"We've approximately 460 middle school and 450 high school kids involved in gifted programs at their own schools," Kosters says, pegging 7.5 percent of the district's nearly 19,500 students as gifted. "The national average is closer to 5, but we don't feel we're high overall because of the type of community we have."

Sioux Falls teachers who work within the gifted program are certified for that specialty or are receiving the credentials, Kosters says. Gifted teachers are at every school, but not all are full-time at one location. On average, one instructor serves three or four elementary schools, with at least one teacher dedicated to each middle and high school.

Milne isn't sure it's enough.

"So many kids out there are waiting for something to do, something to challenge them," Milne says. "I've been controversial, I suppose, in how I've approached it. But I don't get too big on definitions. Anyone can walk onto a track and see who's the fastest runner. And if I'm the coach, I'm going to work with that kid to shave off a second here and there. But we don't do that with gifted students."

The camp has been endorsed by every governor since former Gov. Bill Janklow's first run at the office. With an original tuition of $100 per student, including room and board for the week, the camp now costs $350. No government money supports the effort.

"Governor Janklow came to the second camp and sat on stage to talk with the kids after the show," Milne remembers. "He was so impressed with what he heard that he went to the Legislature and got them to give us $15,000 to offset costs."

That source has disappeared. Others have been unreliable longshots. Toby Kane of Sioux Falls, a camper during the first year who later became an Ambassador and a director, recalls one attempt: "Bruce answered an anonymous advertisement for educational grants. He was just shooting in the dark to try and raise money, and a businessman called him back and politely turned down his request for a donation. The man was Ross Perot."

Milne's leadership

Recently retired, Milne is begrudgingly surrendering control of the camp, however piecemeal. From the start, it has been his strong personality that has guided the program and steered USD's curriculum for certification of gifted teachers. He has planned the 2003 camps and upcoming reunion with help from his daughter, teacher Kate Martens. Huddled over a laptop in the solarium off Milne's living room, they read dozens of e-mails each day from returning students.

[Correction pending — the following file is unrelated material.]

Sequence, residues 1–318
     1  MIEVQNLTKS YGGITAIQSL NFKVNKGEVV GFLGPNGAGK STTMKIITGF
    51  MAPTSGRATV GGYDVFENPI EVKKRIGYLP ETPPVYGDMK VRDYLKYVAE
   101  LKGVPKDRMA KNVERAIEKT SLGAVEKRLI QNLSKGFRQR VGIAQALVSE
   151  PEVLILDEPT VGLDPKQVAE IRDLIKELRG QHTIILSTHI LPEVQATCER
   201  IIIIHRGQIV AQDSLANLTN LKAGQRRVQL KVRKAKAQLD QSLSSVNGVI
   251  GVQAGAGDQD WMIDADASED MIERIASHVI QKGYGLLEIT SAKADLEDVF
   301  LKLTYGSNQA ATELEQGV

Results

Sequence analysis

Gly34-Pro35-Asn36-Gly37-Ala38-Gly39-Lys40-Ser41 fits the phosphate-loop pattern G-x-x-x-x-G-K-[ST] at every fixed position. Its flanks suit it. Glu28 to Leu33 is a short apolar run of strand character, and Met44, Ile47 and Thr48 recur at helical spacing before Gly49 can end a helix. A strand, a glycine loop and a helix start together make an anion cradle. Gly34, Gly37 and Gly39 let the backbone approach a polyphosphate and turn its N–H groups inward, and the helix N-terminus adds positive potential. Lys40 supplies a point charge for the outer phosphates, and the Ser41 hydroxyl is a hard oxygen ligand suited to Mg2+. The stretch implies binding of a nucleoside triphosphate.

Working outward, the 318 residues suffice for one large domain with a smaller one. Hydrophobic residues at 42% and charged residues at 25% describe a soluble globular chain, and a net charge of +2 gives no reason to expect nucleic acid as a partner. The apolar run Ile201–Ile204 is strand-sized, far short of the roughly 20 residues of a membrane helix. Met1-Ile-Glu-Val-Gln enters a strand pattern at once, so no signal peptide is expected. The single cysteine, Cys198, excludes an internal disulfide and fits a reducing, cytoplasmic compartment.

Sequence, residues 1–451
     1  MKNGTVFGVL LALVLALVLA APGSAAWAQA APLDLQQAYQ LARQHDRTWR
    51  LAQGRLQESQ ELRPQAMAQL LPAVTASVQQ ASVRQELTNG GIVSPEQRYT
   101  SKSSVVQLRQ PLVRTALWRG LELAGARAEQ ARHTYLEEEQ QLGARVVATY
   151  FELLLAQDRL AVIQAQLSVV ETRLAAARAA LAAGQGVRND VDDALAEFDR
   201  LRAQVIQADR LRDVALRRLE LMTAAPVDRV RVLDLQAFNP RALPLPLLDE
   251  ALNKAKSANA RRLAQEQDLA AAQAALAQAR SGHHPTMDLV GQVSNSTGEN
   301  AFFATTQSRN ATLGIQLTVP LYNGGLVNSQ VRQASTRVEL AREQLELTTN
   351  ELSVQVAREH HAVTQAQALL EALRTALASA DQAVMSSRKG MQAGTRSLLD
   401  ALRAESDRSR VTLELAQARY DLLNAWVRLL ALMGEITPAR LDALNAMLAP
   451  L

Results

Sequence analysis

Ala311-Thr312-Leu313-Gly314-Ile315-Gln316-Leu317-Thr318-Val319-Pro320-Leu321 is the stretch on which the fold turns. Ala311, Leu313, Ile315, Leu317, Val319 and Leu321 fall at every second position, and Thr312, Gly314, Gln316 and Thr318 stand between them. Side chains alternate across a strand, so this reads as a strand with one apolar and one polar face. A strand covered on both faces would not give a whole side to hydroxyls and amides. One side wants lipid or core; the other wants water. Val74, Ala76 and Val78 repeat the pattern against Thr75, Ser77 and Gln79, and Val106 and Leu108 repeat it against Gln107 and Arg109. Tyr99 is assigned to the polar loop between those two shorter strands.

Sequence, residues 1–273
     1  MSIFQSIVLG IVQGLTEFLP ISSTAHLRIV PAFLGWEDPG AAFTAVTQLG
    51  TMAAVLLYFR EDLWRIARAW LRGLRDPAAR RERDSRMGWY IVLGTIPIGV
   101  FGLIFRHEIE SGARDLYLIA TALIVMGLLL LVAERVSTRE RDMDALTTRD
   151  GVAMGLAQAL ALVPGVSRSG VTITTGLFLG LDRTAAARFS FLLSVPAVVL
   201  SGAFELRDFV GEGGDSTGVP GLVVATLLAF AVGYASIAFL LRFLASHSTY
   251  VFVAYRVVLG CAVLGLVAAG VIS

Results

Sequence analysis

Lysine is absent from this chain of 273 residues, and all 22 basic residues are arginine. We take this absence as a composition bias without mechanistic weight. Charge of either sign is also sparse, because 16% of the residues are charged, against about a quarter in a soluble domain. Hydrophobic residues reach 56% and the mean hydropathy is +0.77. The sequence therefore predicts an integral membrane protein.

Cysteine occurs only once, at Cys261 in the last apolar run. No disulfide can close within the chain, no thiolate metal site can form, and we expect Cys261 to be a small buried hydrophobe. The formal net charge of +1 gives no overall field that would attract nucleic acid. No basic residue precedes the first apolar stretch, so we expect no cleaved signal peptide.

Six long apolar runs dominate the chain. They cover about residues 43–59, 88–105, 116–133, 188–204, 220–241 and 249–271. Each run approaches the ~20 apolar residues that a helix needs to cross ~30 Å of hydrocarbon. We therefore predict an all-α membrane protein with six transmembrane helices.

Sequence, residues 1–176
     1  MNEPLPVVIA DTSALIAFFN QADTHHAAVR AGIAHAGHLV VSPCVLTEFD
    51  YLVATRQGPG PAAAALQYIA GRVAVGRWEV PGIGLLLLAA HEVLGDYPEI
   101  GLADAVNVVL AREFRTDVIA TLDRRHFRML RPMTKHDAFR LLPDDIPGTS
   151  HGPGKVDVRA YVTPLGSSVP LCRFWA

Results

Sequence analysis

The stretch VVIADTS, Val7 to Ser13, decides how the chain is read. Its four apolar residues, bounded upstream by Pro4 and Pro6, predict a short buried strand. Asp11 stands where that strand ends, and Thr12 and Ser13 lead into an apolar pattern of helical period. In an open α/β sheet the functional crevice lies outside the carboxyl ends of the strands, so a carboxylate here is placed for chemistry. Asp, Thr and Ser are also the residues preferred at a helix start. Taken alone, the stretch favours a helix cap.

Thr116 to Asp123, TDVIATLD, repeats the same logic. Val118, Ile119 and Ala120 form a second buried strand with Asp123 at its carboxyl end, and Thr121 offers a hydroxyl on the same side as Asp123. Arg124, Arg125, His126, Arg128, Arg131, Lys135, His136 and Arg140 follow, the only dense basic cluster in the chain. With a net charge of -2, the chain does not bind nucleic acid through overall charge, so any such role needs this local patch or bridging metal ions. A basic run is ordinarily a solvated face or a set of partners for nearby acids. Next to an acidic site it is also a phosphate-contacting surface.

Tim Duggan, an assistant professor in USD's School of Education, seems the likeliest successor to take up Milne's legacy. Friday closed the school's first Institute for Teachers of Gifted Youth, which coincided with the two camps.

"Many districts don't have the money for gifted specialists anymore," he says. "Meeting the needs of gifted kids within the context of the regular classroom is a growing concern."

Milne expresses a similar thought: "The best thing gifted teachers can do is to challenge kids, give them the materials, and then get the hell out of the way."

Through the two camps, Milne has tried to follow his own advice. Along the way, he also has followed the lives of the students who come to Vermillion for the last week of each July. Composite photos of graduating seniors year-by-year hang framed in his home, their names and hometowns displayed below each of their faces.

"I've been to a lot of weddings and kissed more babies," Milne says, then pauses. Something's occurred to him, and he almost can't talk. "I've been to funerals, too. ? The weddings are better."

The camps always have been a family business. Though Martens teaches in Minnesota, she completed the South Dakota gifted certification, and her son Bruce has come through as a camper and Ambassador. Milne's late wife, Marlys, who died five years ago, hosted suppers for the Ambassadors in their home. A gracious hostess, she welcomed the students with barely a word.